10 minutes ago I was on the brink of throwing my computer off a cliff. Considering I live in Texas, this would’ve required way too much effort to find a cliff… But I was considering it.
It had already been a long day at work and here I was at home, trying to continue some work and the program I was using just stopped working. Have you ever had the pure joy of trying to stay calm when troubleshooting software, only to be given the run-around by a customer service rep, all the while having to remind yourself that it wouldn’t be right to kill the messenger? Talk about a test of grace.
Can I be honest? I had a scathing comment all typed out to leave on the program’s Facebook page. But my finger hovered over “post.” It was a classic devil/angel scenario:
Devil: C’mon, your complaint is completely justified. They deserve to feel bad for causing you such an inconvenience. It will make you feel so much better to blast some random person. They need to know they have issues.
Angel: What are you really going to accomplish? I bet people don’t even read those comments and if they do, I doubt they actually take them seriously. Do you want your name, your integrity, associated with such inconsiderate words?
Well, Angel won out. I reluctantly deleted every letter of my comment – taking my frustration out on my laptop keyboard instead.
But here’s the thing: Do you know how relieved I felt after I hit that last delete and closed the page?
If I had decided to post that comment, yes, I would have felt immediate relief – vengeance even. And no, I probably wouldn’t have received any major backlash. But 2 seconds later a wave of regret would’ve washed over me. Unnecessarily inflicting hurt and spreading negativity.
Man, how many times every day do I have this choice? Too many to count. And every time I choose to side with the devil on my shoulder instead of the angel, I lose an opportunity to be the light to which I say I aspire.
Words are important to me.
My mom would tell you that they are possibly too important to me… See: when I was little (like, 3…very little) and she would play dolls with me, I would tell her exactly what to say for the entire interaction and any variance from the script was simply unacceptable.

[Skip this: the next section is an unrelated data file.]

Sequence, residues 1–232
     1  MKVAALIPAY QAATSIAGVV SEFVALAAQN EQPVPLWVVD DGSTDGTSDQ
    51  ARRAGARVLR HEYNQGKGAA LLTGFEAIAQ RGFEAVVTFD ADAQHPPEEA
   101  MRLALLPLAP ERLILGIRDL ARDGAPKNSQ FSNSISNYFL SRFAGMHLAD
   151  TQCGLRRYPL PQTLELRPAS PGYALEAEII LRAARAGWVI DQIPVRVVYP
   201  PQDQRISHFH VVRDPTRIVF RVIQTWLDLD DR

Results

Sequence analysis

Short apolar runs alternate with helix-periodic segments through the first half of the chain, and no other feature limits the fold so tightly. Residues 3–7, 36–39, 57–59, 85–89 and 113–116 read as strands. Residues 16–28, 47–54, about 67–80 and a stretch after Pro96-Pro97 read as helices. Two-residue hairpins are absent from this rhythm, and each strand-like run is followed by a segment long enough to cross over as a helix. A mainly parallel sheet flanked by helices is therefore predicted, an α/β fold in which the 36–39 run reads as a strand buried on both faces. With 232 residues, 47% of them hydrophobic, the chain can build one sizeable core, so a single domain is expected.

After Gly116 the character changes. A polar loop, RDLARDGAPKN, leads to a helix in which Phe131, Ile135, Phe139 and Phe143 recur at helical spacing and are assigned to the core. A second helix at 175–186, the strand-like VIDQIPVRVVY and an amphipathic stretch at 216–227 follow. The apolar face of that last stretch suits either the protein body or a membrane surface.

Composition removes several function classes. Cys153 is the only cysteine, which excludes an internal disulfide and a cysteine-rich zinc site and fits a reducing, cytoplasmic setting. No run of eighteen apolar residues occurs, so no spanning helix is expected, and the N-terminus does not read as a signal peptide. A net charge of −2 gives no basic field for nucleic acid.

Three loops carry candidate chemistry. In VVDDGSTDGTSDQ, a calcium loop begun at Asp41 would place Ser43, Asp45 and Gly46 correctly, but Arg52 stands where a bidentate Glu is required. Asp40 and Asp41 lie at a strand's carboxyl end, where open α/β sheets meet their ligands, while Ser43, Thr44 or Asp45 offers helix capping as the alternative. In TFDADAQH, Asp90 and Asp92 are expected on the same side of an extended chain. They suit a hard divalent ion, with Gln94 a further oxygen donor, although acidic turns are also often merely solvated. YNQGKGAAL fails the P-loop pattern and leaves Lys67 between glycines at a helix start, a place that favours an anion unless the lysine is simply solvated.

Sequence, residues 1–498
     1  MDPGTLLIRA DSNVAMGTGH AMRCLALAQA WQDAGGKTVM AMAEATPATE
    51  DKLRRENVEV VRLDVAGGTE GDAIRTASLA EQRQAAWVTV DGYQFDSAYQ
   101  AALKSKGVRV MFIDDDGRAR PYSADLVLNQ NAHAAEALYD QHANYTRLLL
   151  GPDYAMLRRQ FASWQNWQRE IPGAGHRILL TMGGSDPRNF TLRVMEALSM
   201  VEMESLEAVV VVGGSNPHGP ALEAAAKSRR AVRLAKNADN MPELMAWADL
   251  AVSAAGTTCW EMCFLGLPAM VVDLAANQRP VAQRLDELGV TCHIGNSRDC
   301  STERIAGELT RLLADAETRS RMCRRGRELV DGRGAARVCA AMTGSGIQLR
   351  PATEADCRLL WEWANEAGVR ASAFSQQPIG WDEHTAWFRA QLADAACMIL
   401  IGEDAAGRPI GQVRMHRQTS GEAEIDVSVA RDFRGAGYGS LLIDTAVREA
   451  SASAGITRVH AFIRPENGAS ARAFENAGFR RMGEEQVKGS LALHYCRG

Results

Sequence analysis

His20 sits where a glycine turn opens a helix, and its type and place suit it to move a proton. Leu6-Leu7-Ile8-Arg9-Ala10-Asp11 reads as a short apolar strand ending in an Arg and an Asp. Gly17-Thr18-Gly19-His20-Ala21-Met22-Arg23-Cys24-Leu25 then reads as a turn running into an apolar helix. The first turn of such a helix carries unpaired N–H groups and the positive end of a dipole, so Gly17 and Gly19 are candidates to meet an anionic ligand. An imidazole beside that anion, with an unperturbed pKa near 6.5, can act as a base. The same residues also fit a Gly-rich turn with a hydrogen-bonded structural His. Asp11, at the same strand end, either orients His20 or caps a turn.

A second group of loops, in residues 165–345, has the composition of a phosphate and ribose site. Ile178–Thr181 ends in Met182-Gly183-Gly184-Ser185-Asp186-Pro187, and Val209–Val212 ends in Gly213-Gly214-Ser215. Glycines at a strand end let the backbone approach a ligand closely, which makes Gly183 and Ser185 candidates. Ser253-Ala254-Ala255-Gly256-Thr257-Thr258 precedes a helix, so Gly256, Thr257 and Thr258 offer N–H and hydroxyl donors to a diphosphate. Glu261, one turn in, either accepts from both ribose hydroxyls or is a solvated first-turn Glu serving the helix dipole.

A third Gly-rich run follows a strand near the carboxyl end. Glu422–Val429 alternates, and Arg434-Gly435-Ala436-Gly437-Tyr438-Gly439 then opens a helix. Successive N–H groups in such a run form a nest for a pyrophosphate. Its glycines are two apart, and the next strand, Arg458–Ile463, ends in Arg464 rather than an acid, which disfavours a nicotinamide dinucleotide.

When I grew up, I went to college and worked tirelessly to graduate at the top of my class with a degree in no other than… communication.
I’m the girl who analyzes every conversation I have with someone, and more often than I would like to admit, even conversations that I didn’t have with someone (anybody hear me?). I have worked very hard, especially in the last few years through college and post-grad, to not expect people to communicate with me in exactly the way I think they should. Have I perfected that? Absolutely not. And I have a couple of ex’s who would surely back that up.
The thing is, words are just so important. They are the foundation of our understanding of each other’s lives – dreams, fears, feelings, thoughts… every aspect of our individual identities. My desire to understand – and be understood – is enormous. And that’s ok. But the reality is, I place unfair expectations on this desire. Here’s why:
- I am not perfect. As hard as I may try to have the perfect response to every single situation, sometimes I’m going to come up short. I’m going to say the wrong thing at the wrong time and inadvertently or not, I’m going to hurt someone. Someone’s going to hurt me.
That’s it. World’s shortest list. But when it comes down to it, that’s really the only reason. At least, the only reason worth pointing out. My expectation of perfection from myself and everyone around me is simply unfair.
But here’s what even greater:
- God is perfect.
End of story.
He meets my inadequacy with grace (Rom. 3:23-24). My weakness is His power (2 Cor. 12:9). His mercy and grace are constant – no matter my flaw (He. 4:16). His mercies are new every morning (Lam. 3:24).
I’m glad I didn’t post that comment. I’m thankful that the Angel on my shoulder won. I’m overjoyed that in one of today’s battles I chose to hold my tongue instead of allowing it to be a destructive flame (James 3:6). It may seem silly to some – after all it was just a social media post and it was to a massive company in a sea of other complaints, it wasn’t a direct bashing of some poor, innocent individual – but the war is won in the small battles.
What started out as a paper cut was redeemed by the joy that comes from the power of the pencil. And all the words in between? The words are important.